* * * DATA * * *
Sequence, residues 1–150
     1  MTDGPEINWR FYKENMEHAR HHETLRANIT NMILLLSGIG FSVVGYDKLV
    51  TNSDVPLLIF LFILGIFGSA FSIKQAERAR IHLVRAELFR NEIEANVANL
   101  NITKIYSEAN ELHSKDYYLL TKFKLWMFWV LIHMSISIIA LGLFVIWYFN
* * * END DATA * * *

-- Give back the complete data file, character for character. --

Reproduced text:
Sequence, residues 1–150
     1  MTDGPEINWR FYKENMEHAR HHETLRANIT NMILLLSGIG FSVVGYDKLV
    51  TNSDVPLLIF LFILGIFGSA FSIKQAERAR IHLVRAELFR NEIEANVANL
   101  NITKIYSEAN ELHSKDYYLL TKFKLWMFWV LIHMSISIIA LGLFVIWYFN